Novel chamber created to find carbon-free ways to keep people cool

It could help researchers and builders find better ways to keep people cool in extreme temperatures.

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Electricity demand for mechanical air conditioning (AC) is projected to double by 2050, driven by accelerating urbanization, primarily in hot and warm climates. Powering these units requires electricity, which is often generated by fossil fuels. This, in turn, leads to increased carbon emissions and further exacerbates the problem of global warming.

Therefore, finding cooling methods that don’t require putting more greenhouse gases into the air is crucial to helping a growing population adapt to climate change.

To find a sustainable solution and alternative to ACs, Washington State University researchers created the 60-square-foot chamber to test passive systems using wind towers and water evaporation instead of electricity to cool spaces.

The test chamber, which looks like a huge ship container, is solar-powered with battery storage and is completely independent of grid power. The chamber can be heated to a temperature range between 125 and 130 degrees Fahrenheit (52 and 54 degrees Celcius) year-round to test cooling innovations, measuring the temperature, humidity, and air velocity within and around a cooling system.

After conducting a full-scale experiment on a passive, downdraft cooling system under the hot, dry conditions of Phoenix, Arizona, the researchers calibrated the chamber using the results.

“We can simulate extreme conditions,” said Al-Hassawi, assistant professor in WSU’s School of Design and Construction. “With smaller scale models, we can also do much quicker tests and get results sooner than having to wait on large-scale prototype construction.”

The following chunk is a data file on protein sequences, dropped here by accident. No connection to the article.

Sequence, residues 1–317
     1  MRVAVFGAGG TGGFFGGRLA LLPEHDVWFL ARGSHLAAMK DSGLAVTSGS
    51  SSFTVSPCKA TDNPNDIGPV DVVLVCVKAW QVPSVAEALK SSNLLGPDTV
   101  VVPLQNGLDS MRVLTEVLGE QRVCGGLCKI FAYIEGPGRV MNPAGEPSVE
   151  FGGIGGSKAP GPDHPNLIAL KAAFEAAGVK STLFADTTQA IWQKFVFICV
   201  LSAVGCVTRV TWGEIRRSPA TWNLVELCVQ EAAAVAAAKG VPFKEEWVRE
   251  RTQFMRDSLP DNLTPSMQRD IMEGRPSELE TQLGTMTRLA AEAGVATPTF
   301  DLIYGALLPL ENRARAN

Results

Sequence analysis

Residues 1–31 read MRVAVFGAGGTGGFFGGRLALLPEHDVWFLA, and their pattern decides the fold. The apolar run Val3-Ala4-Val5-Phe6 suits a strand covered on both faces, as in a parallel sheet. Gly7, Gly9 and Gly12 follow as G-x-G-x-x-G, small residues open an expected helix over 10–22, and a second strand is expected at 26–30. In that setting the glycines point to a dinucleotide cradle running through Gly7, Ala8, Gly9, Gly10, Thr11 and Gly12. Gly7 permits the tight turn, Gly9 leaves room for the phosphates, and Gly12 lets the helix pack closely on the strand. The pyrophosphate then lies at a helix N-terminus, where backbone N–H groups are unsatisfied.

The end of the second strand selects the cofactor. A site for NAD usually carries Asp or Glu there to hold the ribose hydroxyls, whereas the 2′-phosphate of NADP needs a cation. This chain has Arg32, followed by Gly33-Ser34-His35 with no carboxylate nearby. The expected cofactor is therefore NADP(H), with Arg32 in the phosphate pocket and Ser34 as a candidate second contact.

Passive cooling systems that don’t require electricity have been used for centuries by people in hot places. One cooling strategy involves capturing breezes from a wind tower. With a layer of moisture at the top of the tower, evaporation cools the air, which then becomes heavier and sinks by gravity into a living space below. The moisture can be provided by wetted pads, shower heads, or misting nozzles, which is really interesting.

“It’s an older technology, but there’s been an attempt to innovate and use a mix of new and existing technologies to improve performance and the cooling capacity of these systems,” said Al-Hassawi.

Wider adoption of such passive cooling systems could lower energy demand. However, researching and testing passive cooling systems takes considerable investment and training.

“That’s why research like this would really help,” he said in the press release. “How can we address building design, revive some of these more ancient strategies, and include them in contemporary building construction? The test chamber becomes a platform to do this.”

Future studies in the chamber will involve the development of passive cooling in general, specifically passive downdraft cooling through rapid prototyping and design iteration of innovative multi-stage downdraft cooling systems, maximizing the potential of reduced-scale investigation.

Journal reference:

  1. Omar Dhia Al-Hassawi, and David Drake. Innovations in Passive Downdraft Cooling Performance Evaluation Methods: Design and Construction of a Novel Environmental Test Chamber. Energies, 2023; DOI: 10.3390/en16114371

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